The Daily Mail and The Sun are both pretty shitty newspapers, I ought to know: I wrote for them both.
Why? Because they were the only newspapers that paid decent money to journalists working out of Spain.
Anyway, stories that were suitably comic, tragic or grotesque enough for The Mail or The Sun only occurred infrequently on my patch – but when they did, I entered an incredibly stressful, real life version of the cartoon, “Wacky Races”, as the first journalist to get there and get the pictures and facts, got the sale. The rest just wasted time and petrol, and I was always in competition with at least 3 or 4 others.
And it was those missed sales that started chipping away at my integrity. Because if you work for shitty newspapers, you very quickly begin to behave in a shitty way.
With me, it began with a bit of cheeky chicanery. Much of rural Spain consists of unmarked dirt tracks, the names of which are known only to locals, so most reporters rely on rural petrol station attendants for guidance, and I often slipped the staff a tenner to misdirect any other strangers asking around.
Pretty tame stuff, but it was the start of the road to Shitsville. And once you’re on it, the question quickly raises itself: How far down the road are you prepared to go?
I found out in 2010, when I covered a story about the collapse of a house which had killed two expats in a tiny hamlet way up in the mountains.
When I got there, I deployed my usual set of tricks. First of all, in order to find the house, I lied and said I was a friend of the dead couple and was there to pay my respects. This got me detailed directions, as well as plenty of pats on the back and commiseration from local Spaniards. I may even have squeezed out some crocodile tears for their benefit.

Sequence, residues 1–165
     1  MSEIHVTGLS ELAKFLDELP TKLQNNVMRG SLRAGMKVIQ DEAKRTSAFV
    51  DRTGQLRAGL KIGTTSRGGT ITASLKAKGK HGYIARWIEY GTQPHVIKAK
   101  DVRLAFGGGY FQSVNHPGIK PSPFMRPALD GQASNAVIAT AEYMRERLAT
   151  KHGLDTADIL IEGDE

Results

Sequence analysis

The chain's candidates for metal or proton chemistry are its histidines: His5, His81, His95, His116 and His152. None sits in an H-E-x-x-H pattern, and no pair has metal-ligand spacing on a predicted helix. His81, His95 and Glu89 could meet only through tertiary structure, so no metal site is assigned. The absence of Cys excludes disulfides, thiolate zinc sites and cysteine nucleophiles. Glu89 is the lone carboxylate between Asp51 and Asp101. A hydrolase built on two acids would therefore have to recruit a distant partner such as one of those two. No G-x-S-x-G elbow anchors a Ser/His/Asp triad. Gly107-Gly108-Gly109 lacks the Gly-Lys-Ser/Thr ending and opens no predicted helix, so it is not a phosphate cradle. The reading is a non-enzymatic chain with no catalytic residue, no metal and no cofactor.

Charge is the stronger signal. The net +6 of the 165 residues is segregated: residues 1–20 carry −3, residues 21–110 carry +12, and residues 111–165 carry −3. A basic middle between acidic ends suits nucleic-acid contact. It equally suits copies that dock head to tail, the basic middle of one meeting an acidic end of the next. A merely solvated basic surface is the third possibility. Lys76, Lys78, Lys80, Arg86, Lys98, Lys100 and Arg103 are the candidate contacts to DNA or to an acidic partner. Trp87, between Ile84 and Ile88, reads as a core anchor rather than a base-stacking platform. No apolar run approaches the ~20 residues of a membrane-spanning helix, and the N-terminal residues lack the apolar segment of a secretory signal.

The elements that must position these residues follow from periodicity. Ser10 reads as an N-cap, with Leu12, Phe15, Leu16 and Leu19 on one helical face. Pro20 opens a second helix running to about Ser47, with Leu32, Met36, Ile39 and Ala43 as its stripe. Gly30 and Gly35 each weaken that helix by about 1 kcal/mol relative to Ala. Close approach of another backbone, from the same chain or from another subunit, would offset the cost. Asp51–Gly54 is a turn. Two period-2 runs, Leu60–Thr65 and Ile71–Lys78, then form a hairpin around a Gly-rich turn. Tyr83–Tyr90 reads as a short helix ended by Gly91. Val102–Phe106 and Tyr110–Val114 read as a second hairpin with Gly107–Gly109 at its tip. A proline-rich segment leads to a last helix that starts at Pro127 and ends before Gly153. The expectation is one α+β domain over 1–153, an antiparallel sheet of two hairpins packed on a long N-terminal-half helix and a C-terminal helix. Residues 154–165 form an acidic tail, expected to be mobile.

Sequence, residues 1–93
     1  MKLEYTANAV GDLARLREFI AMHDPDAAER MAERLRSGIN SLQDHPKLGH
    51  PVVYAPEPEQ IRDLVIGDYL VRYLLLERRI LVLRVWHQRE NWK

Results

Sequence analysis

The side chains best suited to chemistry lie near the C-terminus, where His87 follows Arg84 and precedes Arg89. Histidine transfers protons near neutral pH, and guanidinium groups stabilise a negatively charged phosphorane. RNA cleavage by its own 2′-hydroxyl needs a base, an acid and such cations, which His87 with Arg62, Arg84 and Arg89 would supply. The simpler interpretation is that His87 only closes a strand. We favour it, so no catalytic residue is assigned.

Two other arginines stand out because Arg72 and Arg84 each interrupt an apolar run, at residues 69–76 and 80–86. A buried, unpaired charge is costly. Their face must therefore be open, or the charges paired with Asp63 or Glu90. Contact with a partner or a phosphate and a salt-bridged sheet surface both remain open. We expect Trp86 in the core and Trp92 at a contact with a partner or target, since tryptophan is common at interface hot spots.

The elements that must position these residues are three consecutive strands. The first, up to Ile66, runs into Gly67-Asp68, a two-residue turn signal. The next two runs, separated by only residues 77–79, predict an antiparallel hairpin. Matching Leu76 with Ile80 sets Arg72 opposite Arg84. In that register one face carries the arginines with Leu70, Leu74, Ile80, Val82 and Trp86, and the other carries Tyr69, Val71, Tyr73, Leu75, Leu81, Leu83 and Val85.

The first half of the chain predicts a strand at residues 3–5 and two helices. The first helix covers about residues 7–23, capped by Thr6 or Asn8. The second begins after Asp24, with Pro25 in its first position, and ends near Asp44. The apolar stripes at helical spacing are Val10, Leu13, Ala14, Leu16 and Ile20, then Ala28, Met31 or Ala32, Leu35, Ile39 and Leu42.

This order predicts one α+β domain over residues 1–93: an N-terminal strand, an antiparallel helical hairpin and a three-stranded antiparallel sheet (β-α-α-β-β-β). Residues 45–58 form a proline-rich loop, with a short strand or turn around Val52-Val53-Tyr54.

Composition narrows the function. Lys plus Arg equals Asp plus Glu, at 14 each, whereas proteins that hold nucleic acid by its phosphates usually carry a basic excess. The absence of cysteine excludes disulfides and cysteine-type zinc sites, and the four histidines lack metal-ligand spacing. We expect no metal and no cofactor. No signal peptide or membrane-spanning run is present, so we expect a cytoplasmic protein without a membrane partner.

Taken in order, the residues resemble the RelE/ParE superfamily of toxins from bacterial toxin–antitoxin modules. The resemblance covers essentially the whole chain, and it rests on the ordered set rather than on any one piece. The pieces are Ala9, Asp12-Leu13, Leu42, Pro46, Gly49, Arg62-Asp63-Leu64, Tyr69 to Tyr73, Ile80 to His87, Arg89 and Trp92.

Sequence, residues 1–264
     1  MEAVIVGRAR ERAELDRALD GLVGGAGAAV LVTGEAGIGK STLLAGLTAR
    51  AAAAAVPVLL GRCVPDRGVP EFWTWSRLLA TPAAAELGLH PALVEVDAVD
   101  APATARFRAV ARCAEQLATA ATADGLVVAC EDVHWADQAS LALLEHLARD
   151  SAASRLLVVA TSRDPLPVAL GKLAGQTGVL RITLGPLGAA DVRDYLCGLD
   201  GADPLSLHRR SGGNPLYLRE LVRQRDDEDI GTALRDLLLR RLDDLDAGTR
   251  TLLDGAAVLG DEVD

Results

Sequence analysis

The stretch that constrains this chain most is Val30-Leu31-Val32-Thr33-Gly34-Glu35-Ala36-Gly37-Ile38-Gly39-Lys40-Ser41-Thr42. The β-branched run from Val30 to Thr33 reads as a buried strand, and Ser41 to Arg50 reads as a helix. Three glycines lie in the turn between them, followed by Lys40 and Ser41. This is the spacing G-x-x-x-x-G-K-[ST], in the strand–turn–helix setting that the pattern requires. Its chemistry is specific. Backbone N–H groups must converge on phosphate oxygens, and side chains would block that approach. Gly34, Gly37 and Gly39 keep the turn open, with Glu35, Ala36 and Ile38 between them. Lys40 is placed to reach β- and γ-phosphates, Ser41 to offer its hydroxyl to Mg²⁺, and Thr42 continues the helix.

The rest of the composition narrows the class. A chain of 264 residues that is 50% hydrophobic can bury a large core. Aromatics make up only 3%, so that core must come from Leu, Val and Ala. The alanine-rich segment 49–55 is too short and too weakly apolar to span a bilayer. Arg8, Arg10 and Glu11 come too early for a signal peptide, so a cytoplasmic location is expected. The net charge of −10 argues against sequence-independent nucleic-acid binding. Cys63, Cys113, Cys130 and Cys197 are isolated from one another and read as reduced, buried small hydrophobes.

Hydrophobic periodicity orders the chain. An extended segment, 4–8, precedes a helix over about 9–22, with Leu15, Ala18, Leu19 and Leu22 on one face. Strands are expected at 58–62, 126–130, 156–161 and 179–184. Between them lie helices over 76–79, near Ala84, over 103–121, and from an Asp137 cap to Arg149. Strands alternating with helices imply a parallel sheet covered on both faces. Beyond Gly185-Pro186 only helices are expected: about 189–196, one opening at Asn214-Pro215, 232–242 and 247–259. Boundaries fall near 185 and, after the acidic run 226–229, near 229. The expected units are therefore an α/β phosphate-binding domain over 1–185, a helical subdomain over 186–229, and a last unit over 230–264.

The property was all locked up and wrapped with police incident tape, so I climbed the fence and started looking for a decent angle from which to take a photograph, clambering, hopping and jumping all over the rubble as I did so. When a neighbour of the dead couple emerged and asked me what the hell I was doing, I ignored his question and asked him the only thing that interested me: ‘Have you seen any other reporters here before me?’
When he said, ‘No’, I climbed back over the fence and started looking for somewhere with Wi-Fi coverage.
I got the sale. But as I was celebrating in a local bar, looking through the photos I had taken, I began to notice that there was dried blood and other types of biological matter all over the collapsed concrete pillars and rubble. Then I noticed some of it had stained the tip of my desert boot as I’d been merrily desecrating a place where two people had died a sudden and likely very painful death.
I lay awake that night, and slowly came to the realisation that I did not have what it took to be a fulltime tabloid journalist. My journey along the road to Shitsville had ended.
And that’s where Danny Sanchez was born. Because Danny does have what it takes and I enjoy exploring the grottier side of journalism through the prism of the character.
Most readers warm to Danny immediately, but others don’t, and I suspect it is the ruthless side of Danny’s character that is the reason for this – he climbs walls, he lies, he goes through bins, he enters people’s homes uninvited and he “borrows” documents – in short, he does whatever he has to in order to get the story.
The trick is to make the people he is investigating so loathsome that the reader sympathises with Danny, despite his shady behaviour.
Anyway, for those of you who dislike the character, I’d ask that you cut the guy some slack – he trawls through the shitty side of journalism so I don’t have to.